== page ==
The sun shines down on the field's freshly cut grass as two teams in different-colored uniforms line up in their formations. The players put on their game faces and dig their cleats into the ground. But as the opening whistle sounds and the first pass is made, both teams rush to the ball in what appears more like a battle than a soccer game. The only mediating force against the chaos of youth sports: junior Connor Dowd and his shiny whistle, signaling his position as referee.
Social studies teacher George Vlasits is a part of a county-wide anti-tracking organization that is attempting to halt the separation of students into ability-based classes. Academic tracking has been a fixture in the Montgomery County and state education systems for decades, but new evidence suggests that it may not necessarily benefit students.
The girls' varsity softball team (10-2) suffered its second loss of the season in a hard-fought struggle with a skilled, Poolesville Falcons team.
The girls' varsity softball team (10-1) defeated Quince Orchard Friday afternoon in an unnecessarily close game. Though Blair was clearly the more skilled team, a lack of concentration in the early innings forced them to make a significant comeback to secure the win.
The Blair varsity softball team (8 - 1) defeated Sherwood (7 - 1) for the first time in Blair history in a hard-fought team battle.
A stunning silence settles over the softball field while all attention centers on the pitcher's mound. The only thing to break this silence — the familiar whack of junior Eve Brown's fastball hitting the catcher's mitt as she completes her 48th strikeout of the season so far.
The girls' varsity softball team (7-1) lost their first match of the season to a strong Paint Branch team (7-0). Though the game remained close throughout, too many defensive mistakes and the subsequent loss of confidence led to Blazer defeat.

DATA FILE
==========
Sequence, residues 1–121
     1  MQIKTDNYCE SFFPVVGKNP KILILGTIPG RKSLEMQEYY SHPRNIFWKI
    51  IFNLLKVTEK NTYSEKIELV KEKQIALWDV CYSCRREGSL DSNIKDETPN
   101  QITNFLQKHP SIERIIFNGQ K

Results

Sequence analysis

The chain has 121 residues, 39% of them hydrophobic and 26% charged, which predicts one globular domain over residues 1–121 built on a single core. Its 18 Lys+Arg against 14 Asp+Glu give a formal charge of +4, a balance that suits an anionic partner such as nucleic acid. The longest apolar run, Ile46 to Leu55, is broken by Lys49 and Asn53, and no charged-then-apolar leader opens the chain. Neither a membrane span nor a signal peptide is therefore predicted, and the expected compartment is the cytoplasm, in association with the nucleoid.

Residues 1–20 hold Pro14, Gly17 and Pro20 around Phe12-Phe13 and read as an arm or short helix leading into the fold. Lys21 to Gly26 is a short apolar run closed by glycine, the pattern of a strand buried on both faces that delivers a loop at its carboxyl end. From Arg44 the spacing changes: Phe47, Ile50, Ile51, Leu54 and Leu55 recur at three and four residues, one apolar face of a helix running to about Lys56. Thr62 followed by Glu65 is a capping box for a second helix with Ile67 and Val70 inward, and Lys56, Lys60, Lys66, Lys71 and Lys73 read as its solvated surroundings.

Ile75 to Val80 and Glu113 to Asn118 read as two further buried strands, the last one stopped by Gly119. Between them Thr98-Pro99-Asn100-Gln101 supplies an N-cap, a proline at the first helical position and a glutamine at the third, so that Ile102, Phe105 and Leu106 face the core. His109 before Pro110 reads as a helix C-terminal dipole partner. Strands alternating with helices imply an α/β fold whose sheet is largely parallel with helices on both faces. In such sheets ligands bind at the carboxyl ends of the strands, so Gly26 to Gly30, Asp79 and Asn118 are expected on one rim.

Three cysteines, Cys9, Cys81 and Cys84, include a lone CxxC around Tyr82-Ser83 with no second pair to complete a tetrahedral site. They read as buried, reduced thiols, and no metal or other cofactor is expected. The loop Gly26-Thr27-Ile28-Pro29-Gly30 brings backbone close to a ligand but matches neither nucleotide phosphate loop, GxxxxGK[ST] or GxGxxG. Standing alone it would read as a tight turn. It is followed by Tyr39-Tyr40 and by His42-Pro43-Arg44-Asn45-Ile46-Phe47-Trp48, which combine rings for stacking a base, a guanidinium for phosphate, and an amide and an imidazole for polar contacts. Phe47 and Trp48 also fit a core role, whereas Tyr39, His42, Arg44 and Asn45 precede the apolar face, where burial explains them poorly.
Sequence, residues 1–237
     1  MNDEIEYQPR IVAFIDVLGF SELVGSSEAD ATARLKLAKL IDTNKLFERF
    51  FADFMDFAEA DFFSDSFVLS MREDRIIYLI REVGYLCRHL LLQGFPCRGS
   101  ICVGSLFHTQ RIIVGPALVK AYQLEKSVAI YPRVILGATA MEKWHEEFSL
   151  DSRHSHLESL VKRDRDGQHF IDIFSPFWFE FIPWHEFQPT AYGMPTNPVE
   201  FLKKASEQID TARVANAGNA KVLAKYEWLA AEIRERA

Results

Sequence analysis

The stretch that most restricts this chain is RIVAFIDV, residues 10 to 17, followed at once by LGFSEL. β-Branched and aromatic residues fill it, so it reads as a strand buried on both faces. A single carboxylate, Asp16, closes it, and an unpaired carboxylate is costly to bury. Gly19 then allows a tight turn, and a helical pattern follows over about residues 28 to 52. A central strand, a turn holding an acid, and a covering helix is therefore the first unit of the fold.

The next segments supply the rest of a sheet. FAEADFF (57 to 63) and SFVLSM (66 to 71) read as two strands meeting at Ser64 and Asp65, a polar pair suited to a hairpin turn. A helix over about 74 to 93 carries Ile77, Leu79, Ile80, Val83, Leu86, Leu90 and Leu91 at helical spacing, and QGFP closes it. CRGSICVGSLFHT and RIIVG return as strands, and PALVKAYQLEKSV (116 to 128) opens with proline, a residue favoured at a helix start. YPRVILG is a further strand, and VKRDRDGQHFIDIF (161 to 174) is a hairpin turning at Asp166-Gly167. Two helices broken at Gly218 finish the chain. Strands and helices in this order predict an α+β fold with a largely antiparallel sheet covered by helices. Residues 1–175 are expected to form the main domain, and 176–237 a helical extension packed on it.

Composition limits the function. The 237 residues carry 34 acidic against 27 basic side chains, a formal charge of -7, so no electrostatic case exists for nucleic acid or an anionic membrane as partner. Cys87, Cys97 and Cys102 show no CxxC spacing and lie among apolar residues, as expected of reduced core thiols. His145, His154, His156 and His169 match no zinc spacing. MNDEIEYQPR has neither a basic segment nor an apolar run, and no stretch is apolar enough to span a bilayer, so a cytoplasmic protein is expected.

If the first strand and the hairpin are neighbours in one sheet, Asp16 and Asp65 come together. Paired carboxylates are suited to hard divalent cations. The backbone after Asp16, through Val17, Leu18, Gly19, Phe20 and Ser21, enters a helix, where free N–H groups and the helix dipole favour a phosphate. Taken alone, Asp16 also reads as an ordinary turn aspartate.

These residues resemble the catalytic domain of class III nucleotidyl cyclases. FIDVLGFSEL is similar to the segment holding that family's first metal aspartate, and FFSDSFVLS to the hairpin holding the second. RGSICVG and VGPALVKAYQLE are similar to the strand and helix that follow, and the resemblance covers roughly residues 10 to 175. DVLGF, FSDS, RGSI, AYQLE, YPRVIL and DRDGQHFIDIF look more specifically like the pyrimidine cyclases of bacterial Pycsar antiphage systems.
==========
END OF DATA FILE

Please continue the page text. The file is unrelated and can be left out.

The Blair varsity girls' softball team (6-0) confidently defeated Bethesda - Chevy Chase (B – CC) to uphold their perfect record and tough reputation. Despite the low level of competition, the Blazers did well adjusting to the game while maintaining a high level of play.
The varsity baseball team lost their first game to a strong Walter Johnson team, despite exceptional hitting and skillful pitching. After maintaining a solid lead for the first five innings, the Blazers were unable to prevent a forceful Wildcat comeback in the top of the sixth inning.
Sitting day after day through her eighth grade French class, sophomore Sally Barth, like many foreign language students, found herself in a continuous state of confusion. As time ticked by slowly each class, Barth struggled to speak and understand a language which at times seemed no more than gibberish. But instead of continuing to slip, Barth took her foreign language education into her own hands. She got a pen pal.